Places of worship dedicated to Subramanya in Kerala include temples at Haripad, Neendoor, Kidangoor and Kodumbu. In Andhra Pradesh and Telangana, he is worshipped under the names Subrahmanya, Kumara Swamy, and Skanda, with major temples at Mopidevi, Biccavolu, Skandagiri, Mallam, and Indrakeeladri, Vijayawada. In Kukke Subramanya and Ghati Subramanya temples in Karnataka, he is worshipped as Subrahmanya and is regarded as the lord of the serpents. In West Bengal, Kartikeya is associated with childbirth and is worshipped in Kartik temples. Temples also exist in the rest of India in Pehowa in Haryana, in Manali and Chamba in Himachal Pradesh and Rudraprayag in Uttarakhand.

Outside India
Nallur Kandaswamy temple at Jaffna is dedicated to Kartikeya

Kartikeya is worshipped as Kumar in Nepal. In Sri Lanka, Murugan is predominantly worshipped by Tamil people as Murugan and by the Sinhalese as Kataragama deviyo, a guardian deity. Numerous Murugan temples exist throughout the island, including Kataragama temple, Nallur Kandaswamy temple and Maviddapuram Kandaswamy Temple.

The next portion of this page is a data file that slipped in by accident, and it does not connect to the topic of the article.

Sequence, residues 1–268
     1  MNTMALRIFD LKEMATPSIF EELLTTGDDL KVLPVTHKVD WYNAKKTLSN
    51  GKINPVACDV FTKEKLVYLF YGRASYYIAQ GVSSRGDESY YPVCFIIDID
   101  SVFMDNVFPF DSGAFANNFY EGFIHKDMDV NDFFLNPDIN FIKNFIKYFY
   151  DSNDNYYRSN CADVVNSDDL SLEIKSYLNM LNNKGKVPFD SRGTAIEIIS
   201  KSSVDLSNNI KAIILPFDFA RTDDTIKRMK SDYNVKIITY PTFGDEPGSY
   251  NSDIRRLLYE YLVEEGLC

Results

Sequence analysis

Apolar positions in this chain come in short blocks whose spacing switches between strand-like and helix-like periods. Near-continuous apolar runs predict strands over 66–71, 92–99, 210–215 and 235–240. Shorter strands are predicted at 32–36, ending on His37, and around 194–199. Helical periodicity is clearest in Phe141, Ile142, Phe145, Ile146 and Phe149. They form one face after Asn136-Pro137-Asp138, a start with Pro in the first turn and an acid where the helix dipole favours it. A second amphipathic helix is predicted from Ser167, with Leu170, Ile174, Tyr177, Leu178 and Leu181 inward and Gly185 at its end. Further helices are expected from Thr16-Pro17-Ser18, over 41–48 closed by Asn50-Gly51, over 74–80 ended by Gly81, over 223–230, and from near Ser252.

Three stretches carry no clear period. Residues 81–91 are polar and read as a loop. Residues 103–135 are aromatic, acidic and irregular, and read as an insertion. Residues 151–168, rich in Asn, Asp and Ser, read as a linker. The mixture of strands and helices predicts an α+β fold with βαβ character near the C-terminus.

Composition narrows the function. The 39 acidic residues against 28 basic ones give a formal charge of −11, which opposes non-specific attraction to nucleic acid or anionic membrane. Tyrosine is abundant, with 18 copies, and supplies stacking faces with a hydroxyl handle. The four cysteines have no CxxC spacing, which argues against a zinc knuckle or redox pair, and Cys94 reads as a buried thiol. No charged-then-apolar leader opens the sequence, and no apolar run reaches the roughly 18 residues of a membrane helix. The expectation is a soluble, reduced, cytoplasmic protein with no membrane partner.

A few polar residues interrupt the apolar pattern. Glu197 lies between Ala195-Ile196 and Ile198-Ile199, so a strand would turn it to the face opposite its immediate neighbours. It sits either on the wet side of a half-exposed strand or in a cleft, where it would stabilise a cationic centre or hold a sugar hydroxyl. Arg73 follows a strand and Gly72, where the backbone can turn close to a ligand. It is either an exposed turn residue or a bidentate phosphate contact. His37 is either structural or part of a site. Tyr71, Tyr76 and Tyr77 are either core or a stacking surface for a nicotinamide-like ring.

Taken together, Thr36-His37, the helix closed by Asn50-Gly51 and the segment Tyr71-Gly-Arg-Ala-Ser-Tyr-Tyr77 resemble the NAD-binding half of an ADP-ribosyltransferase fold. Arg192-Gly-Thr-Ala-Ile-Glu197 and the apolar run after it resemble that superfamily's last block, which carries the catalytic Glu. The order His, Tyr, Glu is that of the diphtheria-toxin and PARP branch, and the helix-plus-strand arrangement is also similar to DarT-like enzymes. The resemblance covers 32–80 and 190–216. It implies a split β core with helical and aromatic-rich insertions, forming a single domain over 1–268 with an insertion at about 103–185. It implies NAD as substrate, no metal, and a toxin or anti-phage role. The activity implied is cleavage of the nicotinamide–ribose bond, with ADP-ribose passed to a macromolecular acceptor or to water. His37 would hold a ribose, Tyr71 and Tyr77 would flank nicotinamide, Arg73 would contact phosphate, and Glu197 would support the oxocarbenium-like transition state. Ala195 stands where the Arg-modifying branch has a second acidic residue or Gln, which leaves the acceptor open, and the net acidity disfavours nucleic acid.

Murugan is revered in regions with significant population of Tamil people and people of Tamil origin, including those in Malaysia, Singapore, Sri Lanka, Thailand, Indonesia and Myanmar, Fiji, Mauritius, Seychelles, Réunion, South Africa and Canada, Caribbean countries including Trinidad and Tobago, Guyana and Suriname, countries with significant Indian migrants including the United States and Australia. Sri Subramanyar Temple at the Batu Caves in Malaysia is dedicated to Murugan, who is depicted in a 42.7-meter-high statue at the entrance, one of the largest Murugan statues in the world. There are some other temples in Malaysia such as Balathandayuthapani Temple and Nattukkottai Chettiar Temple, Marathandavar Temple and Kandaswamy Kovil. Sri Thendayuthapani Temple is a major Hindu temple in Singapore. Murugan temples also exist in several western countries like United States of America, Canada, United Kingdom, Australia, New Zealand, Germany and Switzerland.

Festivals

Thaipusam procession

A number of festivals relating to Kartikeya are observed:

  • Thaipusam is celebrated on the full moon day in the Tamil month of Thai on the confluence of star Pusam. The festival is celebrated to commemorate the victory of Murugan over the asuras, and includes ritualistic practices of Kavadi Aattam.